Luke Falk is well on his way to breaking numerous Washington State and Pac-12 records during his senior year in Pullman. He has goals for this season, most of which are related to team success. Falk is a team player, and isn’t thinking about individual accomplishments. But if he has a stellar senior season, he could vault up draft board and make himself some money.
Although the 2017 draft just took place, it’s never too early to start examining 2018 draft prospects. Teams are already examining Falk’s pro potential, but he does have another year to put on tape before becoming a professional.
Luke Falk Draft Projection
1st round pick:
Falk will need to improve upon his junior season to get selected in the first round of the 2018 draft. There are a lot of talented quarterbacks in this draft class, so he’ll need a strong season to vault up teams’ draft boards. Most teams will see Falk as a developmental quarterback because he plays in Mike Leach’s system, so that’ll probably keep him from being an early first round pick.
He’d be a great fit on a team that has an aging quarterback that he can learn from before being thrown into the fire. One example of such a team would be the Arizona Cardinals. Carson Palmer isn’t getting any younger, and is coming off of a shaky 2016. Even if he bounces back in 2017, they’ll probably want a quarterback of the future. Falk has the accuracy, poise, and anticipation that teams look for. If he can improve his pocket awareness and arm strength, he could become a 2018 first round pick.
2nd-3rd round pick:
Most draft experts projected Falk as a day two pick in 2017 before he decided to return to Washington State for his senior season. If he puts up similarly impressive numbers and doesn’t improve his arm strength and pocket awareness, he’ll likely be a day two pick. This is a perfect area for developmental quarterbacks with starter traits to be drafted. Falk has starter upside, but may project best as a career backup.
It’s worth taking a shot on his skill set because of his accuracy and ability to anticipate throwing windows. He does this better than some starting quarterbacks. But his arm strength and college offense may concern teams. Falk is the best quarterback prospect that Mike Leach has ever coached. Leach allows Falk total control of the offense, which is something that he doesn’t do for all of his quarterbacks. But it might take time for Falk to learn an NFL playbook, so teams might not want to spend a first round pick on him. In all likelihood, Falk will be selected in the second or third round.
4th-7th round pick:
Every year there are quarterbacks that are projected to be day one or day two picks that fall to day three. This isn’t a career killer, as proved by Dak Prescott of the Dallas Cowboys. If you are talented enough to be a starting NFL quarterback, you’ll get your chance to prove it no matter where you’re selected. Although it’s unlikely that Falk will be a day three pick, it’s not impossible.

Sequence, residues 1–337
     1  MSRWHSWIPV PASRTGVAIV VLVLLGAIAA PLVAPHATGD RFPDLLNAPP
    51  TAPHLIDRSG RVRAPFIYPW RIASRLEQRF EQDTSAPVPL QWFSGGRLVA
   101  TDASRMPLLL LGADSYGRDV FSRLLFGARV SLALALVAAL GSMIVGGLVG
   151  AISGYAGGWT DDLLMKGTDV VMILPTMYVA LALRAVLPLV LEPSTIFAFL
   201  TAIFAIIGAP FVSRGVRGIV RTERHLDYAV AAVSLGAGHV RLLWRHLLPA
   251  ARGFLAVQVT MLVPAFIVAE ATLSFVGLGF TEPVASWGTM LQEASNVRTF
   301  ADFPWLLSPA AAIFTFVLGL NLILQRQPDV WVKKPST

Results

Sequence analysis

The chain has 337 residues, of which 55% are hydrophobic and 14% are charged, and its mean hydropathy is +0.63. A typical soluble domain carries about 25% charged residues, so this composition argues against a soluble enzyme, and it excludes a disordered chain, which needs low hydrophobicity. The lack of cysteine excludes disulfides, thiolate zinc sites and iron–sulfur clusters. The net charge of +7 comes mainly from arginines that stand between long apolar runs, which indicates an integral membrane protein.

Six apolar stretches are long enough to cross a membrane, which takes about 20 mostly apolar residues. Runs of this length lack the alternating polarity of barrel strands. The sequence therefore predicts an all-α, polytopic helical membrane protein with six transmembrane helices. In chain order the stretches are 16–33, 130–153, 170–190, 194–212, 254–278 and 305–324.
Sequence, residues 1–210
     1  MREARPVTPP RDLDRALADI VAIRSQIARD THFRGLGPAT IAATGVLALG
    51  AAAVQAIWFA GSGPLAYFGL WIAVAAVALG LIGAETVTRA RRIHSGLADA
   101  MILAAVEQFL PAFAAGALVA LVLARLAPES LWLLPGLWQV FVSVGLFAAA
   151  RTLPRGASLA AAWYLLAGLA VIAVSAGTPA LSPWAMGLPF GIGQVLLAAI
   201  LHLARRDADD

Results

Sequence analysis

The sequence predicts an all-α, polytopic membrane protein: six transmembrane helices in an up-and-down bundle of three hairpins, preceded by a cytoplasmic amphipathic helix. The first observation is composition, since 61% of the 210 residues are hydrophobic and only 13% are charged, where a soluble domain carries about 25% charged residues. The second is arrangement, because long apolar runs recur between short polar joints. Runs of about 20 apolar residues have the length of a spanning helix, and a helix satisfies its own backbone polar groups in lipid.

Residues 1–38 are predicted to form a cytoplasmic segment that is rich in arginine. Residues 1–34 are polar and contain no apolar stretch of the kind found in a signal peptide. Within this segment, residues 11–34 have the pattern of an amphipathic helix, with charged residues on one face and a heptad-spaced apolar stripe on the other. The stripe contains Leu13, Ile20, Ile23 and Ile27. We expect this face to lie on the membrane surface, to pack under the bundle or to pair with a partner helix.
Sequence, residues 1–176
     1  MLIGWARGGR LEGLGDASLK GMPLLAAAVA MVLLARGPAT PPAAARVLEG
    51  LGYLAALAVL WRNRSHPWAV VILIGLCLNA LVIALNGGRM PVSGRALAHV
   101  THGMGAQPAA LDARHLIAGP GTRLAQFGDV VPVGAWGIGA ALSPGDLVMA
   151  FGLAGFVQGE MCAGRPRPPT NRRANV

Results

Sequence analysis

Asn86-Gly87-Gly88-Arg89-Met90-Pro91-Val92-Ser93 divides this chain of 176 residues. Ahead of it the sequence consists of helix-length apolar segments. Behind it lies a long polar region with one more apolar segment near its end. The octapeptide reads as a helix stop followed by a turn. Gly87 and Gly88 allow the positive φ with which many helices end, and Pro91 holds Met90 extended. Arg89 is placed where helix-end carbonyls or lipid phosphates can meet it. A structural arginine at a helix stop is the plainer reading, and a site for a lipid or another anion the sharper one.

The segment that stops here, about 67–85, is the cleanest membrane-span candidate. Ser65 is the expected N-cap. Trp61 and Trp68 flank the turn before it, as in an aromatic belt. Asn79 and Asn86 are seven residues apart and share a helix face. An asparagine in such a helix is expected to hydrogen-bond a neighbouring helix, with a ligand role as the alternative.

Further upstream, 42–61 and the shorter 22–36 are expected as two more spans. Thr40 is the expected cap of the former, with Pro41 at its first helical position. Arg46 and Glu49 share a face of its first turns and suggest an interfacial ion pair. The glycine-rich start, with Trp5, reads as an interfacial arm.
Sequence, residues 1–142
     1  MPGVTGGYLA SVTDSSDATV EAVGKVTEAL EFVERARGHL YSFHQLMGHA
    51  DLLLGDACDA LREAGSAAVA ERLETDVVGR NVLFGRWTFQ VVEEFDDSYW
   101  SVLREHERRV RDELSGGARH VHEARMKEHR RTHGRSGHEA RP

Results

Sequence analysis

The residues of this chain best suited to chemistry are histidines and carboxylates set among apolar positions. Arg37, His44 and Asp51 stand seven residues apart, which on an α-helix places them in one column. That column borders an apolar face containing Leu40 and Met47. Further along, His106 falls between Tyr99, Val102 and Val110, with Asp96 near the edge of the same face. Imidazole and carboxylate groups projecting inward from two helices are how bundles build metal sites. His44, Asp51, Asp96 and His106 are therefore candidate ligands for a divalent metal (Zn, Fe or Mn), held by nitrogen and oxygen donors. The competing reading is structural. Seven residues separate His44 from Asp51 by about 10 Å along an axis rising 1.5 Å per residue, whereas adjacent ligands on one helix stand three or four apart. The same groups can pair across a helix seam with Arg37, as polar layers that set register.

Falk would need to struggle this season or suffer an injury to fall to day three of the 2018 draft. If he starts throwing interceptions at a high rate, that could cause him to slide down draft boards. He doesn’t have elite physical tools, so becoming a turnover-prone quarterback could be extremely detrimental to his draft stock. He has been careful with the ball thus far under Mike Leach’s tutelage, and it’ll have to continue if he wants to be a high draft pick.
Falk could also fall down draft boards if he suffers an injury this season or in training for the NFL draft. Chad Kelly was a great example of this during the 2017 draft. He was projected as an early to mid-round pick, but fell to the last pick of the draft due to a torn ACL (and off-field concerns that Falk doesn’t have). It’s unlikely that Falk will struggle this season, but he did lose his top two receivers from last season. He’ll have to continue to improve if he wants to avoid falling to day three of the 2018 draft.
Undrafted free agent:
It’s extremely unlikely that Falk will be undrafted. He’d have to be injured, because even a bad season won’t keep him from being drafted. If he suffers a career ending injury or suffers a long-term injury near the draft, then he might go undrafted. He’d likely need to struggle this season prior to the injury to not get selected. Falk comes from a gimmicky offense and doesn’t have a huge arm, but he has enough traits that coaches look for in quarterbacks to get a shot.